(Or if you don't care at all about the stock suspension, then don't worry about taking such a thorough test drive, you can take our word here that the car handles fantastic once properly upgraded! 😇 )
Thank you for being SOOO HONEST!

On forums we all have differing opinions.

From a guy that tracks my 996TT regularly, the Model 3 doesn't even come close! Howerver, it is an AWESMOME daily driver with the added benefit of being super quick!

Thank you for posting this!
 
I want to believe, but I can't see any possibility that a front lip and a rear deck spoiler is changing aero efficiency by 10% at highway speeds.

Edit - great forum thread, by the way. Although now I'm (again) considering coilovers, ingenext ghost module, and buying another S2000, lol. Time to log off before I spend a bunch of money :)
Unplugged Performance did an aerodynamic study of the 3 and designed those spoilers for greater efficiency. They have the data on their website. UPP actually claims up to 12% for the two combined.
Note that just adding the aero wheel covers on the stock 18" wheels adds 10% efficiency.
So, there's a lot of ways to get better range on a 3.
 
Non-enthusiast chiming in.
I read a thread the other day on r/cars about a M3P owner selling it and going back to gas and wanted to see what you guys thought.

TL;DR
EV silence, one-pedal driving made driving experience less engaging, "souless", their '99 Miata was on another level of enjoyment
 

tm1v2

Active Member
Oct 18, 2021
2,329
2,013
USA
Non-enthusiast chiming in.
I read a thread the other day on r/cars about a M3P owner selling it and going back to gas and wanted to see what you guys thought.

TL;DR
EV silence, one-pedal driving made driving experience less engaging, "souless", their '99 Miata was on another level of enjoyment
@095179005 Wow. That...wow. 🧐

For anyone who hasn't read that diatribe yet...don't. Protect your brain cells. Much of it isn't even about the Model 3 or any personal experience of the person who wrote it.

Also, while I'm no Miata fan, it seems rather obvious to me that if you want a tiny convertible sports car then a sedan like the Model 3 probably won't satisfy. 🤷‍♂️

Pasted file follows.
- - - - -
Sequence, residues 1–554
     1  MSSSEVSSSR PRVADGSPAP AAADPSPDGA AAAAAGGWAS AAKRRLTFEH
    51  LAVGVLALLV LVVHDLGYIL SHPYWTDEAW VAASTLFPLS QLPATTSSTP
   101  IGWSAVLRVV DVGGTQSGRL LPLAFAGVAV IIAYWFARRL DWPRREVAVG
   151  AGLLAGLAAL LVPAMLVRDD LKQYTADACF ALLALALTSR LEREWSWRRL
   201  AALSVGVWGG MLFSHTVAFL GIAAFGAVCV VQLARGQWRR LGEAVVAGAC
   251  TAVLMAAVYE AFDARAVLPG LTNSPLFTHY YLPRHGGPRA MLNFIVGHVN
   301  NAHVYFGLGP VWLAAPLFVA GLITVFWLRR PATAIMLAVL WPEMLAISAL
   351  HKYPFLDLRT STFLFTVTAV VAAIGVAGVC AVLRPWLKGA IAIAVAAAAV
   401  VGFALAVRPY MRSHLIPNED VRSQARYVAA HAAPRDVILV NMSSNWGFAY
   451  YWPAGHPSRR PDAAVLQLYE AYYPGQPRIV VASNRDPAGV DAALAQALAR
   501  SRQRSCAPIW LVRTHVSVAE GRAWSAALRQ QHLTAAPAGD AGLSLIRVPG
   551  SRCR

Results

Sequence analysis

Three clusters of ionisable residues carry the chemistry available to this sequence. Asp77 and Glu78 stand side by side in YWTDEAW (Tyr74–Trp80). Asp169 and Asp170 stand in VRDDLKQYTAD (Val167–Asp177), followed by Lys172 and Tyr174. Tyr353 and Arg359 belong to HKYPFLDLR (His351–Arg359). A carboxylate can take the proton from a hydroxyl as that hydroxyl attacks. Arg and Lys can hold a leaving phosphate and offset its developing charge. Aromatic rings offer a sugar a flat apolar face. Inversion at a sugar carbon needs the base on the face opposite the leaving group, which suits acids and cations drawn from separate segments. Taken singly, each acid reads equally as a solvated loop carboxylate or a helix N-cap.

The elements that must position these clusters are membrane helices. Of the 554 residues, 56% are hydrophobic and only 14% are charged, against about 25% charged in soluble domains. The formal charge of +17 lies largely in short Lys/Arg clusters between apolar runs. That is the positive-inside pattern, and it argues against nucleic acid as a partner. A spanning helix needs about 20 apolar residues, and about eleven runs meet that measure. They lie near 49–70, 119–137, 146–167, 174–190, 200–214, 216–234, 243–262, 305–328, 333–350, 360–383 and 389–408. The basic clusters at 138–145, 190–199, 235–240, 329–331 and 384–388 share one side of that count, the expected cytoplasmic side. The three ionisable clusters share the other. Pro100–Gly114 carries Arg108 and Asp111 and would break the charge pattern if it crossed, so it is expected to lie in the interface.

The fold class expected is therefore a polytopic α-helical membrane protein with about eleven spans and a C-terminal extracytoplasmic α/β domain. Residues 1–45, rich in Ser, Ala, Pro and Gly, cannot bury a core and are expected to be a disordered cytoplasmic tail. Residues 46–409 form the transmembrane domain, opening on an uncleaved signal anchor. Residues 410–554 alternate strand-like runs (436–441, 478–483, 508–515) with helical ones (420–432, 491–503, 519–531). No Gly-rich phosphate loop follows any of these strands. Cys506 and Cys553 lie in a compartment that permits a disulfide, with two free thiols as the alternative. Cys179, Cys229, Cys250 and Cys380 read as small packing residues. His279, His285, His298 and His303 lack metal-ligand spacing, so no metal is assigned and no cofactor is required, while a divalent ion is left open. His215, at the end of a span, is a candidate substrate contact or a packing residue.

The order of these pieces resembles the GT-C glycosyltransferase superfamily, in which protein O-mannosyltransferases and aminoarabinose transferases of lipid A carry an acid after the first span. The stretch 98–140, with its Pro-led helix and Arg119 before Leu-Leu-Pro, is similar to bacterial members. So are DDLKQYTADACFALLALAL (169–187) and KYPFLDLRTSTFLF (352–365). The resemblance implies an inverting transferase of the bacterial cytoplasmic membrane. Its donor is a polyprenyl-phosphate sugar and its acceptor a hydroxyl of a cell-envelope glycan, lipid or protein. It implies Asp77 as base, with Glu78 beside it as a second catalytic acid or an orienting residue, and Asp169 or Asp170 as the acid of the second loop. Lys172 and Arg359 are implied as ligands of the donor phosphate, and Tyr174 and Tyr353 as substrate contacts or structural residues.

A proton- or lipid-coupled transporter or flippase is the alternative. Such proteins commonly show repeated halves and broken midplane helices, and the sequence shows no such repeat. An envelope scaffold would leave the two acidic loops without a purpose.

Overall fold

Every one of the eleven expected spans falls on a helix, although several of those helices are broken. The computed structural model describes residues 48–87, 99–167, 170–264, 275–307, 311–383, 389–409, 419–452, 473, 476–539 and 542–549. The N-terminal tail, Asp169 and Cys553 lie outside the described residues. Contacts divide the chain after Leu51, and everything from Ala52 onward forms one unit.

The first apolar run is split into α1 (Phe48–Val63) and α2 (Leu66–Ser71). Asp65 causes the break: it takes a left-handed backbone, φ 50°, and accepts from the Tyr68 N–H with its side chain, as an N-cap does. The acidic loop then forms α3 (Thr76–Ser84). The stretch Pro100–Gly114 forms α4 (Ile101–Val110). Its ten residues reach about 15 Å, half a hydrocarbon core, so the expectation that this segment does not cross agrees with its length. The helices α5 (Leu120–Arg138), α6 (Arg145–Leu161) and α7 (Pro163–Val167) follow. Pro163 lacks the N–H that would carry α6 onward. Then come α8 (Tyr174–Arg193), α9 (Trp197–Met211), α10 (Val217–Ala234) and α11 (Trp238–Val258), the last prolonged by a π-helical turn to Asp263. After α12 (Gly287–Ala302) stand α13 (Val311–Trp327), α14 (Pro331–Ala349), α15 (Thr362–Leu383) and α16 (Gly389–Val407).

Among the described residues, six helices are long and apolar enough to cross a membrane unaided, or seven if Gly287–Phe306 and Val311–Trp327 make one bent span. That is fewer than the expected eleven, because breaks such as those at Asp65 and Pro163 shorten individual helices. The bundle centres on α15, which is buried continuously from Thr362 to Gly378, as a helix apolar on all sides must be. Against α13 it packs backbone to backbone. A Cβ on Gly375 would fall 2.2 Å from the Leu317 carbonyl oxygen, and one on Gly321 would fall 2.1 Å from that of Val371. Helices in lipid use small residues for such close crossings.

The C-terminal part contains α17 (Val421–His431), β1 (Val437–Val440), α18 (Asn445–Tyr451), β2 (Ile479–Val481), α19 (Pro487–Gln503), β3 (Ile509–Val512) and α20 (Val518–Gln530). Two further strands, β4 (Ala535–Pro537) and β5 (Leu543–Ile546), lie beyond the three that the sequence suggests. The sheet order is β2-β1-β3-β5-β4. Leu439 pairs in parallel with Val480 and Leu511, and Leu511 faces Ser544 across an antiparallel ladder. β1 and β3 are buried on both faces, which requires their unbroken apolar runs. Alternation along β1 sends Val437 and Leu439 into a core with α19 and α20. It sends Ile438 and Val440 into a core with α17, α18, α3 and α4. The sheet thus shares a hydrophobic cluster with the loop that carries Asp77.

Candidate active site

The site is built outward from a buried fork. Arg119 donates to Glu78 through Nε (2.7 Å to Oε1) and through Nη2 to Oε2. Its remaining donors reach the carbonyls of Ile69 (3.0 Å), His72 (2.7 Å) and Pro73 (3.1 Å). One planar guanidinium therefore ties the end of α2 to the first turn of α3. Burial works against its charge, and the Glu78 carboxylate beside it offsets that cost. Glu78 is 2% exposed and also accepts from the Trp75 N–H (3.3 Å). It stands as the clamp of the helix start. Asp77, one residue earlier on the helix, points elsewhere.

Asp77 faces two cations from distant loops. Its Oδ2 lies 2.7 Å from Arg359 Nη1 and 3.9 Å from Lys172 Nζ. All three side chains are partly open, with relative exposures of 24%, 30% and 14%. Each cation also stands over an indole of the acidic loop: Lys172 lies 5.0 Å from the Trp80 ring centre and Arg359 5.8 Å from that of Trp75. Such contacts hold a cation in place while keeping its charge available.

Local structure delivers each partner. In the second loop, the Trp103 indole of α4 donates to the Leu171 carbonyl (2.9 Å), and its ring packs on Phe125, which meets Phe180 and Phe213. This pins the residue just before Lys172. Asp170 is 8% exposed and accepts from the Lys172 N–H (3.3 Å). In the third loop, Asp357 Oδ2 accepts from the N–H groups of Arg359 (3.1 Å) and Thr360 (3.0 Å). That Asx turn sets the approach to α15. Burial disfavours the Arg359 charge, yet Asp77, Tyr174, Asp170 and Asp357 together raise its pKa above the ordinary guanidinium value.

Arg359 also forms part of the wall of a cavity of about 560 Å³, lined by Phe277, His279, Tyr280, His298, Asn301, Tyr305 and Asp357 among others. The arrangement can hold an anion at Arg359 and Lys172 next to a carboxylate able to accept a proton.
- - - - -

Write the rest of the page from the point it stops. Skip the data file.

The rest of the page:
• Like
Reactions: 095179005
I think with driving fast, I want to fly under the radar. Your comment made me laugh about people don't mess with Tesla because they know they'll get wrecked. I had an interesting conversation I told someone a few week ago when I said my car is fast and they asked, you must drive a Tesla! Not Corvette or Camaro etc she went right to Tesla lol...

I recently did a 6000+ mile coast to coast road trip in my Model 3. One afternoon, while driving through rural Oklahoma on a 4 lane section of Historic Route 66, two big dually diesel pickup trucks passed me in the left lane. A little further on, one of them pulled in the right lane in front of a Prius, and "coal rolled" him (and not me.) It is the first time I've seen a deliberate "coal rolling". So Teslas apparently get Respect - even in rural Oklahoma. :D
 

afadeev

Active Member
Feb 28, 2019
1,165
1,349
NYC
Non-enthusiast chiming in.
I read a thread the other day on r/cars about a M3P owner selling it and going back to gas and wanted to see what you guys thought.
It is TL, but I did read it.

95% of the observations are valid. From battery degradation, to ambient temps effecting range, to Tesla QC and interior challenges, to Tesla community preachiness.
5% are personal conclusions that don't agree with mine. I'm nowhere close to giving up to EVs, although I find plenty of faults with Model 3. I think I will be replacing my TM3P with another EV soon, though not yet sure with what.

After ~4 years of owning and driving the TM3P, I have to say that I am driving it less and less. I has become an almost exclusively wife's commuter car. She likes the EV aspect of it, but doesn't trust the AP or most of the other Tesla UI gimmicks. Meanwhile, I've gravitated back to enjoying the driving experience of the real ///M3.